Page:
In relation to vetting, I've literally zero faith in this procedure. In fact it only leads to putting off the right people volunteering, and to upsetting people being vetted, plus it puts the idea of untowardess out front. In any case what exactly does vetting achieve. Yippy I've a certificate I'm not a paedophile. It's also a nonsense way for society to say look here, we vetted, so let's all assume everything is ok.

It's not ok, that's a false sense of security. We just must be aware of real life of where our children are and must make sure our children know to cone to us if anything bad happens or if they suspect something.
 
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Sister Mercedes

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Did anyone reading that article get any sense the authorities had made any effort to find other victims? I didn't.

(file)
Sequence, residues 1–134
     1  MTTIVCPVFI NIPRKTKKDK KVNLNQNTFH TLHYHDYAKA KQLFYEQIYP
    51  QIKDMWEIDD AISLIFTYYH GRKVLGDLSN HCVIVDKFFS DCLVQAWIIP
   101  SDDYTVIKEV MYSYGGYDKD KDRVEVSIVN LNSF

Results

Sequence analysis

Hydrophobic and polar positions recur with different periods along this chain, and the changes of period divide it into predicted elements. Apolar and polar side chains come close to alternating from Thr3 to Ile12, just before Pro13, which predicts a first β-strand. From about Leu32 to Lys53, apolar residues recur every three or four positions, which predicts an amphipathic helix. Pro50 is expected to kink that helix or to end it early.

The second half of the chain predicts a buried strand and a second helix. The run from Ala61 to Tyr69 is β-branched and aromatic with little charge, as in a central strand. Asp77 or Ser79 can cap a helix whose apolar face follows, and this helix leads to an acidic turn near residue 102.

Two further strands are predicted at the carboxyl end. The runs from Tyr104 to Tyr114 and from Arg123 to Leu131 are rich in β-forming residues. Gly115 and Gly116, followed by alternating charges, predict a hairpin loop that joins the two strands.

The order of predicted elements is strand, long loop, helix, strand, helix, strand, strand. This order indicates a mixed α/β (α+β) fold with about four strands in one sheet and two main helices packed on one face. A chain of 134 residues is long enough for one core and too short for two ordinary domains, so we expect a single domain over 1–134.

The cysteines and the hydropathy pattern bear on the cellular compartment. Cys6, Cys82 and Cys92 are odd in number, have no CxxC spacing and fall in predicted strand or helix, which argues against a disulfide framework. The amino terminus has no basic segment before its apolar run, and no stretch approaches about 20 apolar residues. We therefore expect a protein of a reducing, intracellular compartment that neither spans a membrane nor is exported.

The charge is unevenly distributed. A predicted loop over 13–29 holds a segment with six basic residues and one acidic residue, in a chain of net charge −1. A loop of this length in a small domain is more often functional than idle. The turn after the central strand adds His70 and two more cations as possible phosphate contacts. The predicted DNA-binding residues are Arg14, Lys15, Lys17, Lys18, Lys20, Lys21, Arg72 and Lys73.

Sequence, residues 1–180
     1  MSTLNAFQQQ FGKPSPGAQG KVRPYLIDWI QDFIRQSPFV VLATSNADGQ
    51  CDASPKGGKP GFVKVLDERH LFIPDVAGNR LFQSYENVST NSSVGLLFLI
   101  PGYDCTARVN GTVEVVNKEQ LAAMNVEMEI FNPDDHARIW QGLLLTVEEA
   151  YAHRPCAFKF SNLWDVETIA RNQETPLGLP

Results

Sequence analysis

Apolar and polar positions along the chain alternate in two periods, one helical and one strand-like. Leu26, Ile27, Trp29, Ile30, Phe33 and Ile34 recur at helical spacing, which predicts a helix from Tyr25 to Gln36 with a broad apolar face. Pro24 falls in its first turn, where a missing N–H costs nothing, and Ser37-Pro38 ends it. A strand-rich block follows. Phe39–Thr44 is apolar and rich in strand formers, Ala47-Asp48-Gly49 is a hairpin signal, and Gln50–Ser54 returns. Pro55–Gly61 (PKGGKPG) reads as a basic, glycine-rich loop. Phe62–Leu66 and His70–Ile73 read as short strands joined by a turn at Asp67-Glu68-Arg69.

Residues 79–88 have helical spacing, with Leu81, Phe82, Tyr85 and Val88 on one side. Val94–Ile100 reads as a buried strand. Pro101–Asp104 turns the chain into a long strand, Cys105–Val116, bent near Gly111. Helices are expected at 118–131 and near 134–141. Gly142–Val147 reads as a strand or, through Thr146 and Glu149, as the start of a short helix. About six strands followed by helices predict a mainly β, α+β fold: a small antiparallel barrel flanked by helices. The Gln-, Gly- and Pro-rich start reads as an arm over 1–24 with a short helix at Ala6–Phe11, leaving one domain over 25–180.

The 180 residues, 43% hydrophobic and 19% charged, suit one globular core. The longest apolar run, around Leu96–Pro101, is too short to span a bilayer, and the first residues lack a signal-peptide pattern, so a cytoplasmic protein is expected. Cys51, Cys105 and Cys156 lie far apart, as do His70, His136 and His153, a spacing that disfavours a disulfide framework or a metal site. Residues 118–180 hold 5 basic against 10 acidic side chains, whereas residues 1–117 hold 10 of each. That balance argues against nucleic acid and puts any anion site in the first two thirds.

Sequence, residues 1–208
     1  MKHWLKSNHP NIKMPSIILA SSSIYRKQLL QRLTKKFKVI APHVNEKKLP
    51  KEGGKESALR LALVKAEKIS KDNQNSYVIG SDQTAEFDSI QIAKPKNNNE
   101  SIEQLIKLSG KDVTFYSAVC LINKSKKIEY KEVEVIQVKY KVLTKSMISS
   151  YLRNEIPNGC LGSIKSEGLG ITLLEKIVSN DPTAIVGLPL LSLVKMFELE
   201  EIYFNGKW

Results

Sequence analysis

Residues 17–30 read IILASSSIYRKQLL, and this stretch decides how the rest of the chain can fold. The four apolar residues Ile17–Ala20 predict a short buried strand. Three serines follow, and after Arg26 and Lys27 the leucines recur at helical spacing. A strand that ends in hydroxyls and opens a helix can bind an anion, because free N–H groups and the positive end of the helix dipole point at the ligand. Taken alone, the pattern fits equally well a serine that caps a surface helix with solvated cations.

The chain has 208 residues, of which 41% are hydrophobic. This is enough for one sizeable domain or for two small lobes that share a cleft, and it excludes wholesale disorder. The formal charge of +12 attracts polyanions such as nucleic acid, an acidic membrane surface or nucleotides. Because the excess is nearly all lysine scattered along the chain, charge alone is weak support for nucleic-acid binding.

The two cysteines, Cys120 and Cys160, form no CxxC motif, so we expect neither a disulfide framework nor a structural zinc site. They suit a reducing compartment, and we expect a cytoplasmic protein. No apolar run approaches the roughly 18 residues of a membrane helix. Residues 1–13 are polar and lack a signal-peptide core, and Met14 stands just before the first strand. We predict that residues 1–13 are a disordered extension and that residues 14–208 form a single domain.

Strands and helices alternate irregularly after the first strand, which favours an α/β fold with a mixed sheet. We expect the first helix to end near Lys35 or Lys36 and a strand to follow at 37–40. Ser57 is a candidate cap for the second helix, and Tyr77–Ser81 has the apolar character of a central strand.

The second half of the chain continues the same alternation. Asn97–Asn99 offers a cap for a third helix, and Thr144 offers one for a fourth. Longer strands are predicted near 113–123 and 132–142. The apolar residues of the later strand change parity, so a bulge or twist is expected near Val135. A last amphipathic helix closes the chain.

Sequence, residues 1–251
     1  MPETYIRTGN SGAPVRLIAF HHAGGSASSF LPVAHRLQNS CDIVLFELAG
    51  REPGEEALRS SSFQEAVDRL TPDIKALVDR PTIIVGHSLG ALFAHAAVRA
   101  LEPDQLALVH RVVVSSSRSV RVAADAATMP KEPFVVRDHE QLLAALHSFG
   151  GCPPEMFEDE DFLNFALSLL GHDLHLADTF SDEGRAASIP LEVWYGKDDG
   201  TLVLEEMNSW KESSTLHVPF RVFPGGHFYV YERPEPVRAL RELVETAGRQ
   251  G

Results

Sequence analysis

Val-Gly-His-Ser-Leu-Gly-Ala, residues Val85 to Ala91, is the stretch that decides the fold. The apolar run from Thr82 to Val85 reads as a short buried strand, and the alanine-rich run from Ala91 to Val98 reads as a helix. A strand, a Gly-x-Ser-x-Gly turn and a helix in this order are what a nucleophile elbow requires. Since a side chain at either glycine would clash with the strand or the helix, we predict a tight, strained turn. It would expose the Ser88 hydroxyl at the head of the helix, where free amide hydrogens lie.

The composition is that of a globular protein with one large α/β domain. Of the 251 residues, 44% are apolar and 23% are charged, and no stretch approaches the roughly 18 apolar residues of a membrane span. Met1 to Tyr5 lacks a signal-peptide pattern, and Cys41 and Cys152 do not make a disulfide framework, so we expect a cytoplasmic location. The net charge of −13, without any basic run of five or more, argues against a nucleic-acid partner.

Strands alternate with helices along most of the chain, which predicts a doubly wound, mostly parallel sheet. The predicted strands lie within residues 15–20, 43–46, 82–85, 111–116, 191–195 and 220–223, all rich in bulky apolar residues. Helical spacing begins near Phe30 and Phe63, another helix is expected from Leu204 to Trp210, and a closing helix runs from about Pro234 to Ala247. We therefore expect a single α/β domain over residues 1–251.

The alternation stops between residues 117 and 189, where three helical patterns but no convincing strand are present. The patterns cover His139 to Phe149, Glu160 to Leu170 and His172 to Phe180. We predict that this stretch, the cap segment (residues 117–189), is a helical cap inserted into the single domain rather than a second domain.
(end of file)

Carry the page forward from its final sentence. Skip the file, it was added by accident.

users

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I agree with some of what you say particularly about it being the nice ones. It's not true to say we must suspect all youth leaders. But it would be logically tom ncluded tgat if one were a paedophile then naturally you're going to involve yourself in areas of opportunity of access.
It's not always the 'nice' ones, it's also the bullies, people who know how the system works and are able to get their way as a result of it including by intimidating others into silence with threats of legal action.
 

Emily Davison